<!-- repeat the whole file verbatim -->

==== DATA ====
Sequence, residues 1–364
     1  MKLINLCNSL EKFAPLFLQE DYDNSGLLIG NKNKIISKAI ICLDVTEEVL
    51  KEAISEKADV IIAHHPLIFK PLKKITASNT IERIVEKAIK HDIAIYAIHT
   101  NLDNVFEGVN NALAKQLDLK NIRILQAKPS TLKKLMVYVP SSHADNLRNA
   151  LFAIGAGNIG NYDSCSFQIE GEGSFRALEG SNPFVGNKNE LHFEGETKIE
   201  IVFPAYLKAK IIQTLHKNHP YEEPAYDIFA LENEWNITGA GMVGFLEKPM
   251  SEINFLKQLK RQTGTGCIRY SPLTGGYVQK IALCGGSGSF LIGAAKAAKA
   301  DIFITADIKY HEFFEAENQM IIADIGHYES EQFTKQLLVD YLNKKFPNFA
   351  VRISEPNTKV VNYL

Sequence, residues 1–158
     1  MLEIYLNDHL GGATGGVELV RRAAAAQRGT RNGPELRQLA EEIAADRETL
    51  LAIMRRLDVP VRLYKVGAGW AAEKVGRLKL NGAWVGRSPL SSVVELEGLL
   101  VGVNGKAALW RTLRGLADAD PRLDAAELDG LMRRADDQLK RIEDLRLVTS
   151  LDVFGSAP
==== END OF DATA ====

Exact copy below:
Sequence, residues 1–364
     1  MKLINLCNSL EKFAPLFLQE DYDNSGLLIG NKNKIISKAI ICLDVTEEVL
    51  KEAISEKADV IIAHHPLIFK PLKKITASNT IERIVEKAIK HDIAIYAIHT
   101  NLDNVFEGVN NALAKQLDLK NIRILQAKPS TLKKLMVYVP SSHADNLRNA
   151  LFAIGAGNIG NYDSCSFQIE GEGSFRALEG SNPFVGNKNE LHFEGETKIE
   201  IVFPAYLKAK IIQTLHKNHP YEEPAYDIFA LENEWNITGA GMVGFLEKPM
   251  SEINFLKQLK RQTGTGCIRY SPLTGGYVQK IALCGGSGSF LIGAAKAAKA
   301  DIFITADIKY HEFFEAENQM IIADIGHYES EQFTKQLLVD YLNKKFPNFA
   351  VRISEPNTKV VNYL

Sequence, residues 1–158
     1  MLEIYLNDHL GGATGGVELV RRAAAAQRGT RNGPELRQLA EEIAADRETL
    51  LAIMRRLDVP VRLYKVGAGW AAEKVGRLKL NGAWVGRSPL SSVVELEGLL
   101  VGVNGKAALW RTLRGLADAD PRLDAAELDG LMRRADDQLK RIEDLRLVTS
   151  LDVFGSAP